Consider how difficult the challenge is to count every calorie ingested compared to the daily required level of energy consumption. Even overeating by 30 kilocalories (a few crisps) each day would result in a 900 Kcal surplus over one month or more than 10,000 Kcal each year. This would equate to a weight gain of 1.5 kg of body fat each year or 15 kg over a decade. And that is just from a negligible level of overeating each day. Clearly there is more to it than just counting calories.


The role of hunger


It turns out that our bodies are quite effective at maintaining a given weight. This is sometimes referred to as a “set point” where the body fights to sustain a given weight whether a person overeats or under eats on a given day.

Our body’s hunger mechanism is a trigger for signaling a meal or the motivation to seek out food. It is also linked to our habits. Sometimes we may eat when we actually feel thirsty, bored or stressed, as opposed to being genuinely hungry. Interestingly enough, some of the foods we consume can make us hungrier soon after eating. We may not pay attention to this and continue eating them without realizing they are signaling us to feel increased hunger. How many times do we look back on our day and think that we hardly ate at all and wonder why we aren’t able to shed the extra weight that we are carrying?


The dual energy pathway


Our bodies and cells are extremely adaptable to the many different conditions found on planet Earth. We are able to survive and even thrive in tropical climates where fruits are abundant year round. Yet we are also able to survive in polar climates where growing seasons are extremely short and the population’s survival is linked to the success of animal husbandry or hunting as the main source of food.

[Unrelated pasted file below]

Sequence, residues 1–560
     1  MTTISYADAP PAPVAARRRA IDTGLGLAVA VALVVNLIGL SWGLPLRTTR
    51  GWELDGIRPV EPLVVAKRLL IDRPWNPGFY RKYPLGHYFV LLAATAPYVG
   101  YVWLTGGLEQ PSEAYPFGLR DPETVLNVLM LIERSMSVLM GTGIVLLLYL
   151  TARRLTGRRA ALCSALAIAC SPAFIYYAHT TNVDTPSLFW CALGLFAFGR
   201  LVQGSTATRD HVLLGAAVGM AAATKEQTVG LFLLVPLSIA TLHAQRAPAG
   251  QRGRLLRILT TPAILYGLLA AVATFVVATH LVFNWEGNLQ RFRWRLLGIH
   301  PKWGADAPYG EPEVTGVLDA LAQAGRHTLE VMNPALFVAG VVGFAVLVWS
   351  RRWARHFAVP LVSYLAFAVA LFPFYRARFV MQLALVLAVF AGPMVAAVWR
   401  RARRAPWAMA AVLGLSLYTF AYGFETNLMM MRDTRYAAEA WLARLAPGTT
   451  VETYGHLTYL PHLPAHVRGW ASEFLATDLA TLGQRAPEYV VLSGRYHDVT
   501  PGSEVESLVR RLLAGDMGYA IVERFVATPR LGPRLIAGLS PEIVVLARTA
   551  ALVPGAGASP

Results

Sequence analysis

This is because our cells are able to use two sources of energy for food. The first pathway is glycolysis, which comes from the burning of glucose. All carbohydrates that are consumed are broken down into glucose by the liver and stomach, which is then released into the blood stream to be used by our brain and muscles. We are able to store nearly 1000 Kcal or 250 grammes of glucose (each gramme of carbohydrate is 4 Kcal) in our muscles and liver to be used for energy. Once these stores are full then excess glucose in the blood is sequestered by insulin produced in our pancreas, and this excess glucose is turned into fatty adipose tissue for later storage.

The other energy pathway available to us is ketosis, or the burning of ketones from fat cells through a process known as beta-oxidation. Our muscles, organs, and brain are able to use ketones as a source of fuel and burn the fat that is stored in our bodies and from what is ingested.

To achieve ketosis, our carbohydrate stores need to be depleted. Biochemically, our cells cannot initiate the beta-oxidation process as long as there is elevated insulin caused by ingested glucose levels that are present in our blood stream. The required hormones and enzymes needed to open up the cell walls to admit the fatty acids are only triggered by caloric deprivation plus the absence of insulin.

The trouble is, as we gain more weight from chronically eating carbohydrates combined with fats and proteins, we become more inundated by hunger signals that demand that we eat more often. Thus we are not able to get into the ketosis state of burning fats and, as a result, continue to gain weight and thus propagate the glycolysis cycle. Most people weigh their lowest when they are in young adulthood, just finishing high school or in college. Then they find out that, as they age, small amounts of weight are gained regularly and over time, which cannot be shed easily. Diets can create a temporary loss of weight but require tremendous will power and are not sustainable, as even short ‘binges’ caused by the body’s hunger mechanism can put all the weight back on as the body reverts to its most recent set point.


The ketogenic diet